A Master With Class
Equally at home standing in front of an orchestra or penning his own work, Pierre Boulez is one of the most important musical figures of our time.
There are few musical figures in the 20th century who have been as influential as the composer and conductor Pierre Boulez. As a composer he helped forge a new chapter in the history of music in the 1950s, a process that was not unproblematic.
"There is no easy period, you know," says Boulez. "When you think of the '50s, you might think it was very easy, whereas it was not at all. There was always the question of whether this new discipline were not completely absurd; there were many questions. Certainly, when I look only at Paris, for instance, I see that practically all the composers of my generation have disappeared. They made the wrong choices, or they were not courageous enough, or they were not lucid enough; there are many reasons. Or, perhaps they were politically involved, and that political involvement brought them to solutions that were very trivial, this type of thing. No period is really easy,” he adds wistfully.
A mind for math, a feel for music
Pierre Boulez was born in Montbrison, France, in 1925 and started his musical education as a child, taking piano lessons from a local teacher. During his school years it became evident that, in addition to his musical talents, he was also gifted in mathematics. This led to his spending his first year out of school attending a course in higher mathematics, with a view to further study at university. But he decided against this and in 1942 moved to Paris to dedicate himself entirely to music.
In 1944 he was admitted to the composition class of yet another great musical figure of the 20th century, Olivier Messiaen. The great composer quickly recognized Boulez’ outstanding ability in musical analysis. This ability, says Boulez, stems from his mathematical background, which gives him the basis for understanding form and structure easily.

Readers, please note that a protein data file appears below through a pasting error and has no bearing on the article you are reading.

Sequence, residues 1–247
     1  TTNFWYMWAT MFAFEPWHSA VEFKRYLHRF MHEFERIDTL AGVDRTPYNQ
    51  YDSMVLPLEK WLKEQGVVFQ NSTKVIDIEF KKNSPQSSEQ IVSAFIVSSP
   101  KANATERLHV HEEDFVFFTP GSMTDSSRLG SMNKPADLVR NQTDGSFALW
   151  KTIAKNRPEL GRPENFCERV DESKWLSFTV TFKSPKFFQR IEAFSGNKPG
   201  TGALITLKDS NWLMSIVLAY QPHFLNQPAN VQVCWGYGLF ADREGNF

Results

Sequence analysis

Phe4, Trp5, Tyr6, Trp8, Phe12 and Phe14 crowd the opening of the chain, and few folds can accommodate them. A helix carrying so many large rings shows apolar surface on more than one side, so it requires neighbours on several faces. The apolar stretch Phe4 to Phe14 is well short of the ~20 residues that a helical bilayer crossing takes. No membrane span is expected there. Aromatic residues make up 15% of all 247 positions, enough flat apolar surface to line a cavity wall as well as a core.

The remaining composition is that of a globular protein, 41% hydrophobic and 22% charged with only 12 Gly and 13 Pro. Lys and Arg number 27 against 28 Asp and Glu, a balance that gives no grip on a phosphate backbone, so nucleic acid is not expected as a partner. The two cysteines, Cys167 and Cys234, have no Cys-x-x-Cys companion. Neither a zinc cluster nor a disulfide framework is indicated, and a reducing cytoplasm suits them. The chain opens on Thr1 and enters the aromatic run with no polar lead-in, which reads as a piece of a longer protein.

Despite the encouragement and respect he received from Messiaen, the young Boulez was not the reverent student you might expect. He found much of the music of that time lacking in originality and was irritated by works that did not live up to his expectations. Along with many of his fellow students, Boulez lost patience with much of the music being composed and performed at that time -- so much so that he often joined in vocal demonstrations at concerts of works he considered not progressive or inventive enough for the time.
“When you are young you want renovate the world. But I think to protest constantly, to contest the establishment is sterile and I don’t like sterility,” says Boulez. “What I did was to enter the institutions and try to bring about innovation and more direct communication between the music and the audience of our time”.
This need to communicate with his audience has remained an important part of Boulez’s work throughout his career. He has frequently presented special concerts involving orchestras and soloists all over the world, where, from the conductor’s podium, he explains and demonstrates various aspects of the music he considers important.
“I think it is very necessary for people who want to know more about music that they be given the opportunity to do so. That is why I have always given these so-called 'discovery concerts' in order to allow those who want to find out more about the music the chance to do so,” he says. “It should always be a special concert and more or less aimed at a specific audience,” he adds.
Boulez’ compositions encompass a broad range of musical genres, from major orchestral works to sonatas and chamber music. The first pieces that brought Boulez before the public as a composer were his second "Piano Sonata" in 1948 and “Le soliel des eaux”. However it was his work “Le Marteau sans Maître,” that threw the world spotlight on Boulez as a composer. The poems of Char provided the inspiration for this work, which is scored for small ensemble and contralto, and this is just one of many occasions where Boulez has drawn his inspiration from poetry and literature.
“Inspiration comes from everything from the most abstract to the most down-to-earth,” says Boulez. “There are some works I conceived with a structure of time. Then I had to find the tools and the material to create what I wanted. They were a good example of going from an abstract moment to the very realistic moment.”
“For other works,” he says, “it was the sound of the instrument, its resonance, the length of sound the instrument can create, how long, how short, etc., so I had to conceive a form suitable to this instrument and its acoustic properties.”